Thank you Julie for your research on the “Coming” of Jesus. How we are blessed by Mary Baker Eddy's discovery (uncovering perhaps) that the Christ is here, now and always. A loved hymn says so dearly: “The Christ is here, all dreams of error breaking....” (Hymn 412 Christian Science Hymnal).
My Bible Dictionary tells me that Thessalonica was prosperous city. It seems that Paul made a habit of going to spread the Gospel in prosperous cities. I am reminded that Mrs. Eddy wrote, “At this period my students should locate in large cities, in order to do the greatest good to the greatest number, and therein abide. The population of our principal cities is ample to supply many practitioners, teachers, and preachers with work” (Retrospection and Introspection p. 82:14-18).
There was a strong Roman presence in the city, as it was the centre of Roman administration in Macadonia.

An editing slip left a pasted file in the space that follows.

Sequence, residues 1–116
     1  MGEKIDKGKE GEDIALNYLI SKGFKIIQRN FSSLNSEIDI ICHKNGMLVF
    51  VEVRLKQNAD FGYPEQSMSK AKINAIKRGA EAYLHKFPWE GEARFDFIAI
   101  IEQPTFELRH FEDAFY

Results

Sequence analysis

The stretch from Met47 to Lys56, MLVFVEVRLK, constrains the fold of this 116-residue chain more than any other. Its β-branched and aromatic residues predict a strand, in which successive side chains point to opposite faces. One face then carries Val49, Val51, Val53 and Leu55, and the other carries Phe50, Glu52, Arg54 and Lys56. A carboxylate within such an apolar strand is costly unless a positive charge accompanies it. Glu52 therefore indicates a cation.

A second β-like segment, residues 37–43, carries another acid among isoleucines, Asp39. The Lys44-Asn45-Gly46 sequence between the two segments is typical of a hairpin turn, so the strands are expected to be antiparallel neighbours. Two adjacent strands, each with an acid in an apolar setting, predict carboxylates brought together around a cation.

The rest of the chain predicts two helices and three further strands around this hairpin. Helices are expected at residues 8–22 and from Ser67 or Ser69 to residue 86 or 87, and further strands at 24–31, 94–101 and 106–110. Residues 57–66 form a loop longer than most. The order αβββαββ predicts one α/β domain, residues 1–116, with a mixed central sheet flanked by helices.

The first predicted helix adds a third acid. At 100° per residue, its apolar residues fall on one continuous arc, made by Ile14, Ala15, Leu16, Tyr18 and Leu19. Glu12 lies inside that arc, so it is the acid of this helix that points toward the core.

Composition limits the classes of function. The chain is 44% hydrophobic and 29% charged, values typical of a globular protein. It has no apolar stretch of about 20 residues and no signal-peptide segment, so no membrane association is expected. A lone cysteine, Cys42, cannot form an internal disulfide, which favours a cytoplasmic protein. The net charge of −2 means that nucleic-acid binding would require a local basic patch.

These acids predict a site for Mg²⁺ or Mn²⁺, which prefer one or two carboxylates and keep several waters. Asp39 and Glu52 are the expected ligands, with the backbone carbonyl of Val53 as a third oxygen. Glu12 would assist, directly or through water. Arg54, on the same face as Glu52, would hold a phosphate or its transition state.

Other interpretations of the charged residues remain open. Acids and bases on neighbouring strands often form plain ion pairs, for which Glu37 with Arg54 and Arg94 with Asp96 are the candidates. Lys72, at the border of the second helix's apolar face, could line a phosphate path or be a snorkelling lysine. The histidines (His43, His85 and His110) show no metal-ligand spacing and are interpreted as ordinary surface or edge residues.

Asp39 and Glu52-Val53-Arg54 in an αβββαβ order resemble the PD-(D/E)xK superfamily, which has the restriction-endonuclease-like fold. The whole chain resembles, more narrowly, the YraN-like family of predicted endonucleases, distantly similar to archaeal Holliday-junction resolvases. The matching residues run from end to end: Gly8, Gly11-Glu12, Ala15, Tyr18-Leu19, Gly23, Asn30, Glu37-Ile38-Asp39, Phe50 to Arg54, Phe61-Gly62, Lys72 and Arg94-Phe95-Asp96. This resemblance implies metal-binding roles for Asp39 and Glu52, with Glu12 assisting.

My Bible Dictionary helpfully enumerates all the references to Thessalonica in the New Testament: Acts 17:1-13; 20:4; 27:2; Phil. 4:16; II Tim. 4:10.
Acts 17:1-13 puts the situation of the Jewish and the Christian attitudes to Paul and his teachings. Some of the Jews believed him, and “of the devout Greeks a great multitude, and of the chief women not a few.” Most of the Jews, however, were hostile, even following Paul to Berea--where the Jews were more receptive--in order to “[stir] up the people.”
Acts 20:4 tells us that two Thessalonians accompanied Paul – Aristarchus and Secundus. And we find that Aristarchus was with Paul on his fateful sea journey which ended in Melita (Acts 27:2).
The Philippians were kind to Paul when he was in trouble in Thessalonica – “Even in Thessalonica ye sent once and again unto my necessity” (Phil. 4:16).
Among his last words, Paul sadly tells of Demas, who “hath forsaken me, having loved this present world, and is departed unto Thessalonica” (II Tim. 4:10).